Disability rate rises in worse economic times

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  1. kazenatsu

    kazenatsu Well-Known Member Donor

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    The disability rate has risen. There is a theory that the disability rate rises in poorer economic times. Probably because there are many borderline disabled people who could still find and work a job in better economic times, but in worse economic times it is too difficult to get a job, or they may not feel it is worth it for the opportunities available.

    US population
    2005 - 295.5 million
    2018 - 326.8 million
    10.6% increase

    disabled adult children
    2005 - 770,000
    2018 - 1,130,000
    46.7% increase

    Meaning there was a 36.1% increase in the rate of disabled adult children between 2005 and 2018.

    disabled workers
    2005 - 6,520,000
    2018 - 8,540,000
    31% increase

    Meaning there was a 20.4% increase in the rate of disabled adult workers between 2005 and 2018.

    (statistics come from here)


    U.S. male civilian labor force participation rate
    2005 - 73.3%
    2018 - 69.1%

    (statistics come from here)


    America's hidden unemployment problem, by Chris Isidore, CNNMoney, June 5, 2011

    Want to know how the job market is doing? Just look at the disability rolls.
    The Great Recession has created a growing underclass of millions of unemployed who are unlikely to ever re-enter the labor force. Instead, they're relying on government support that they qualify for because of health issues.

    There are 8.3 million workers receiving disability payments, an increase of 1.2 million, or 17% from when the recession began.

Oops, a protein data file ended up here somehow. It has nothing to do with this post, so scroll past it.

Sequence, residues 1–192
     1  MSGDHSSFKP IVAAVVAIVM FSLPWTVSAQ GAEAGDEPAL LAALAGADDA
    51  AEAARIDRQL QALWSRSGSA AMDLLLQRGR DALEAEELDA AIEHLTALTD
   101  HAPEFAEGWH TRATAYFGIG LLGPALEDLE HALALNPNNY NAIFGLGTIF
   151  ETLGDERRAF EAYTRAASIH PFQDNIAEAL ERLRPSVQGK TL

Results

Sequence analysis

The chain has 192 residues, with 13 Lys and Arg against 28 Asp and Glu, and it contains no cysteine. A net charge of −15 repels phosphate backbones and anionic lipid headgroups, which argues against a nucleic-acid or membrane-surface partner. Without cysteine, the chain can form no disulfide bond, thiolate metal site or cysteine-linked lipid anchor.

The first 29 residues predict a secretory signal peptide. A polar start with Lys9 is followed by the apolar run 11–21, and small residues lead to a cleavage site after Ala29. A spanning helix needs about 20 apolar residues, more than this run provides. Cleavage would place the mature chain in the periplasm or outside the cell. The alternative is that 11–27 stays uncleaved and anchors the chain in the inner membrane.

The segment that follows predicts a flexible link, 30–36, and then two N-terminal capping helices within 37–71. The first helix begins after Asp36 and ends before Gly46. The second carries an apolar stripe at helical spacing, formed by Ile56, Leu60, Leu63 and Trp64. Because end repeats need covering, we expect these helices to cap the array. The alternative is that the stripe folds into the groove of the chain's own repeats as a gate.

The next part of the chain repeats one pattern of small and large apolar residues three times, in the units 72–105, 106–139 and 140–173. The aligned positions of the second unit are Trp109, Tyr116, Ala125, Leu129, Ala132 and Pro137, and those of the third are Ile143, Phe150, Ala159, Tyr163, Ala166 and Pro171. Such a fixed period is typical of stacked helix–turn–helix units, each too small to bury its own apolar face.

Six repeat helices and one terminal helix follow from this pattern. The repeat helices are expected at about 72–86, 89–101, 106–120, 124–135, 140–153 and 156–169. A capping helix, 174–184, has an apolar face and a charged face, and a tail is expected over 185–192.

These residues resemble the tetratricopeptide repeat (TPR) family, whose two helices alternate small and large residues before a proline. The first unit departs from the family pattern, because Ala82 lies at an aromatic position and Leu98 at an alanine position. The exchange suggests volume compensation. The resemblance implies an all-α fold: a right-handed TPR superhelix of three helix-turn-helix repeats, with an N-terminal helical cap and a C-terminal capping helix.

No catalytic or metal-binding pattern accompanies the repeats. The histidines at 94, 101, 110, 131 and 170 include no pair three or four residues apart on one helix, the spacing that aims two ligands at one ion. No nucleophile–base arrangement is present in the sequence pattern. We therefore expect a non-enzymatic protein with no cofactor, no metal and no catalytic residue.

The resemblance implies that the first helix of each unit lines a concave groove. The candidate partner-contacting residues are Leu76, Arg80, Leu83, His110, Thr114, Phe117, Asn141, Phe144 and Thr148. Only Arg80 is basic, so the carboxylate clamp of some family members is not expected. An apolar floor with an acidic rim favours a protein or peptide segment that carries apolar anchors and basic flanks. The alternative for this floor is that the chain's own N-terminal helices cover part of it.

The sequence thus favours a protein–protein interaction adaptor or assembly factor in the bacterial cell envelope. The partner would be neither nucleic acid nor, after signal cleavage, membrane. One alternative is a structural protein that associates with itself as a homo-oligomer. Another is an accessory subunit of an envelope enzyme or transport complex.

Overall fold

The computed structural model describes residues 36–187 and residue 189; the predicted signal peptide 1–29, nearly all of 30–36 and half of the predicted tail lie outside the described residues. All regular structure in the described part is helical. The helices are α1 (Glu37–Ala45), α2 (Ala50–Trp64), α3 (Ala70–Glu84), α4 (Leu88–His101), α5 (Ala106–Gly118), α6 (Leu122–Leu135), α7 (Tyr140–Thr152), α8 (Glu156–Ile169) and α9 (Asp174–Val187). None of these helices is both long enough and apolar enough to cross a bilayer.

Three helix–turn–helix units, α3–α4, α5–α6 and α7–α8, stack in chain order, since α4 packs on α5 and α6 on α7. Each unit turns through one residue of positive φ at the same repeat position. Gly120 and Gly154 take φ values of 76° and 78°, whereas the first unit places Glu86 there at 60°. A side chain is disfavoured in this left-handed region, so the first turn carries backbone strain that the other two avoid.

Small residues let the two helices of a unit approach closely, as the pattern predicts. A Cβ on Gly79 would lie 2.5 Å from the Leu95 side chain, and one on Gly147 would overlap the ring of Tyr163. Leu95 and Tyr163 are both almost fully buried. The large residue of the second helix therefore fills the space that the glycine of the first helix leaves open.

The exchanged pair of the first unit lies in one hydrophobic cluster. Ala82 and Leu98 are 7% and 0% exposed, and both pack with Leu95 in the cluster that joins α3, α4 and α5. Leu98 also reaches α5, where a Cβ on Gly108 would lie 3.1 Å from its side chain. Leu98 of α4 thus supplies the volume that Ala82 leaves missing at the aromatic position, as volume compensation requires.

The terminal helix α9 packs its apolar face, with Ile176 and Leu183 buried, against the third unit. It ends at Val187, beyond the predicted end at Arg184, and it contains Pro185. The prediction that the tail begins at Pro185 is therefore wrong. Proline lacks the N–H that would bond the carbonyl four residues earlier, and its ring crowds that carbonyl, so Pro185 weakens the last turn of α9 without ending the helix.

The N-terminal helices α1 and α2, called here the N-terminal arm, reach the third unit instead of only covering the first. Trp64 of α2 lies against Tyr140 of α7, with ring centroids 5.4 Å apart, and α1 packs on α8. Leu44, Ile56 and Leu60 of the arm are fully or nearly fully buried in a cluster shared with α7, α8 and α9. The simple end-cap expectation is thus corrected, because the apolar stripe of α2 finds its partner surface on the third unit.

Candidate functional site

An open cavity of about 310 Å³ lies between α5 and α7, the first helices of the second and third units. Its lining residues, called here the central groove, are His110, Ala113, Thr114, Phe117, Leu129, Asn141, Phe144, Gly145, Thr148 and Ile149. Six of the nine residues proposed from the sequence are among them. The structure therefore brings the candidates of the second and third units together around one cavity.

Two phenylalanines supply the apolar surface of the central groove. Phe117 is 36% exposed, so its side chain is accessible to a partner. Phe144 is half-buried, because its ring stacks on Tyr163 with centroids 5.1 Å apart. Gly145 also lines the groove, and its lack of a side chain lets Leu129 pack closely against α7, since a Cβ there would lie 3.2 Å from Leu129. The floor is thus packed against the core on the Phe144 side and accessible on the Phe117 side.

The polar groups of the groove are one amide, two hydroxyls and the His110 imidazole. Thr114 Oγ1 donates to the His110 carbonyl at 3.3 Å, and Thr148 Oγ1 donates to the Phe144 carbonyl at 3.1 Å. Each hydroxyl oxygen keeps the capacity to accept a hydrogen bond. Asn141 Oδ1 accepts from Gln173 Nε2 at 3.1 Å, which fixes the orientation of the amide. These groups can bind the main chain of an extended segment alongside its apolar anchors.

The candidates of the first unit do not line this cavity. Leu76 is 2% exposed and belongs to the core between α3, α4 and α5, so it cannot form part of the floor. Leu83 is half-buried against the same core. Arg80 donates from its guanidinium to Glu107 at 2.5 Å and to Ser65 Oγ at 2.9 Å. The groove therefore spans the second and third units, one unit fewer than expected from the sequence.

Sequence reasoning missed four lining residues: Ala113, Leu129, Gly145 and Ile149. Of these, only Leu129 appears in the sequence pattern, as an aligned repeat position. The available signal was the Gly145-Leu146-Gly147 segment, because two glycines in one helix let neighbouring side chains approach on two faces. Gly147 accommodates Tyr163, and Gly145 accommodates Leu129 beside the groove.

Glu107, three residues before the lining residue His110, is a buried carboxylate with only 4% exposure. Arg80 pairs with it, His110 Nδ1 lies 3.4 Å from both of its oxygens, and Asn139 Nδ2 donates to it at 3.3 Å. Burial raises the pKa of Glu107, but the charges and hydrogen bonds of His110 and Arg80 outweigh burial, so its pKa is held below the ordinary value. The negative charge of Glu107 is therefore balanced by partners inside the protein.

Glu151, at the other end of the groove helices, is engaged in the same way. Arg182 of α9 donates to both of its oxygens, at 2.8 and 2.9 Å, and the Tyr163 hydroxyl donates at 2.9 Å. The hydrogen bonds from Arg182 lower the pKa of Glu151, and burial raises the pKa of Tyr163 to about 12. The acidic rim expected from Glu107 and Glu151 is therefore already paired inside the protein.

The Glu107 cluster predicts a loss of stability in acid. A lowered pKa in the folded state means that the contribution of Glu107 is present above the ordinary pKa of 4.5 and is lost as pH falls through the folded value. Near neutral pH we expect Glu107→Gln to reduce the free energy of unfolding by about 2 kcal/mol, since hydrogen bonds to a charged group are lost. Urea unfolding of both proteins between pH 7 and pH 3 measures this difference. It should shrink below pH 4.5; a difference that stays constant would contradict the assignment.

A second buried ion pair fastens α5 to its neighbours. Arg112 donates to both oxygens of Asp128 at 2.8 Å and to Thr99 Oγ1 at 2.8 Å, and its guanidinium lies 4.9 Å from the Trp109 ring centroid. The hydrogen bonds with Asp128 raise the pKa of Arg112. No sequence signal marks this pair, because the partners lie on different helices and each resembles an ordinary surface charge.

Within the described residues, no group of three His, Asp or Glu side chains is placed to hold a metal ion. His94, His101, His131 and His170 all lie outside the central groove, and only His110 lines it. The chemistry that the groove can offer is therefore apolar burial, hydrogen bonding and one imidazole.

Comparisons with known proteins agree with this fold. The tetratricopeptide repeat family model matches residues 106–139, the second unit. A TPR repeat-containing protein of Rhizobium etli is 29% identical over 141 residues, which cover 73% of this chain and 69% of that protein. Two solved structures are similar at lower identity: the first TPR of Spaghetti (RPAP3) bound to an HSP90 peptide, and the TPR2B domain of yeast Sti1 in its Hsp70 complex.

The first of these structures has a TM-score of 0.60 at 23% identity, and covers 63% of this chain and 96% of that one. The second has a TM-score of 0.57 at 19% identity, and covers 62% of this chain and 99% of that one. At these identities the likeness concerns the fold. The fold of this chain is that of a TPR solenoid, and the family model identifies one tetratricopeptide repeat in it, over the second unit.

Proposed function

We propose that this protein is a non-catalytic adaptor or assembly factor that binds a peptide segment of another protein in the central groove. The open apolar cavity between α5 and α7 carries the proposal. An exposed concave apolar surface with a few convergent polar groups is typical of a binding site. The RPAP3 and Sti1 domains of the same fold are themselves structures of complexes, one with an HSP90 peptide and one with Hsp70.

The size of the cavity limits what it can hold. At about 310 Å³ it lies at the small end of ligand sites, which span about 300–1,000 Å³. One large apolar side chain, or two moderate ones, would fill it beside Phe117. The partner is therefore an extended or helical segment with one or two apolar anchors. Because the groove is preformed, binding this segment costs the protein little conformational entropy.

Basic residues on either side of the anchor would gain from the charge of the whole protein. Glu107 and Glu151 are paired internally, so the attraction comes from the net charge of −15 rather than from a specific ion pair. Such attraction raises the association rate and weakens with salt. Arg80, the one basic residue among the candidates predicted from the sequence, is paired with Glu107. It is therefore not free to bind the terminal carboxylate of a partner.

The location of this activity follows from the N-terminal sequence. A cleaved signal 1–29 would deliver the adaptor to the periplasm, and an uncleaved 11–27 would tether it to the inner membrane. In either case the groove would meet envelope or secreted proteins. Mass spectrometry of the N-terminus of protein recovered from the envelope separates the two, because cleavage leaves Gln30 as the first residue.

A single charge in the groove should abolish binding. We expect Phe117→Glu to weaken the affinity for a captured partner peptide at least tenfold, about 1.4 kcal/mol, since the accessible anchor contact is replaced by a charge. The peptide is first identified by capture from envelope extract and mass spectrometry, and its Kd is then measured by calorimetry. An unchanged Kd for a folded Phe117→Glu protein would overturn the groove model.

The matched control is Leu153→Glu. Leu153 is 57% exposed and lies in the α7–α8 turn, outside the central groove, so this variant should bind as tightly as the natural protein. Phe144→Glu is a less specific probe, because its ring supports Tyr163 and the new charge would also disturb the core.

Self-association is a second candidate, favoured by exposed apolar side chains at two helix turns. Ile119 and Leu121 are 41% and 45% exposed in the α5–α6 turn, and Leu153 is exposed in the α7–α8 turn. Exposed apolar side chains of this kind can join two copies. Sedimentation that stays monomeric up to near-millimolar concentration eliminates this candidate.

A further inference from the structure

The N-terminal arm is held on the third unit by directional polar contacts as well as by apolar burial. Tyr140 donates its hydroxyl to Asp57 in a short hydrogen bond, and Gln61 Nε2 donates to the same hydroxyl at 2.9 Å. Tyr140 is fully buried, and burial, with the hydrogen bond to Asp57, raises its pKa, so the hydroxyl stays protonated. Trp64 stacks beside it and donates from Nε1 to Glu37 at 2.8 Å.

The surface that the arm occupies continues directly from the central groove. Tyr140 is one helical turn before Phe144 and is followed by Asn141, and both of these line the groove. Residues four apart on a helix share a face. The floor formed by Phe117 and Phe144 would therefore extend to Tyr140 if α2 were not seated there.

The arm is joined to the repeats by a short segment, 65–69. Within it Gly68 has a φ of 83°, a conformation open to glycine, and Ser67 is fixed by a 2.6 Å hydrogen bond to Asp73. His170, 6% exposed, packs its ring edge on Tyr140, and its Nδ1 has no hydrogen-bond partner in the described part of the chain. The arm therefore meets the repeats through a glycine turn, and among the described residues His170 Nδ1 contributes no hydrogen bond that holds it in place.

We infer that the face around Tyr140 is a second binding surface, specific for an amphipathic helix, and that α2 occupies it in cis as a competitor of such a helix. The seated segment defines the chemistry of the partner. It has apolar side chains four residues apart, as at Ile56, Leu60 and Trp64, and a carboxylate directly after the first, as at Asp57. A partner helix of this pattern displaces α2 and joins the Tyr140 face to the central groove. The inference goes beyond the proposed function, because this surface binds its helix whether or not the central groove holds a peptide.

Workers with modest health problems are usually willing to take jobs when they can get them. But when they can't, they turn to the government. That's why the number of people who apply for -- and get approved for -- disability payments typically increases during bad economic times.

    "There are people who, despite disability, are out there working when times are good," said Mark Lassiter, spokesman for the Social Security Administration, which runs the disability programs. "We've seen this increase in applications during other recessions.

    The program is disguising just how bad unemployment really is. If those 1.2 million new post-recession beneficiaries were still counted as unemployed, the national unemployment rate would be nearly a full percentage point higher than it currently is.

    Another problem is that workers on disability often become dependent on the lifeline, and never return to work. Only 0.4% of workers in the program return to labor force each year.
    Though the benefits are relatively modest -- only about $1,000 a month -- getting approved for disability can be a difficult process of appeals and hearings that typically lasts a year or more. Few who have qualified want to risk those benefits for a job that might not last.

    "It's certainly not as good as earning wages," said Mark Duggan, an economics professor at University of Maryland, and a leading expert on the program. "But if they're on disability, they're anxious about saying, 'I'm going to try to go back to work and give up this sure thing.' There's a good chance you may not get back on. It's a long and uncertain process."

    Politicians don't want to be seen cutting benefits to the disabled, especially if it would drive up the reported unemployment rates.
    Disabled workers: America's hidden unemployment problem - Jun. 1, 2011 (cnn.com)
     

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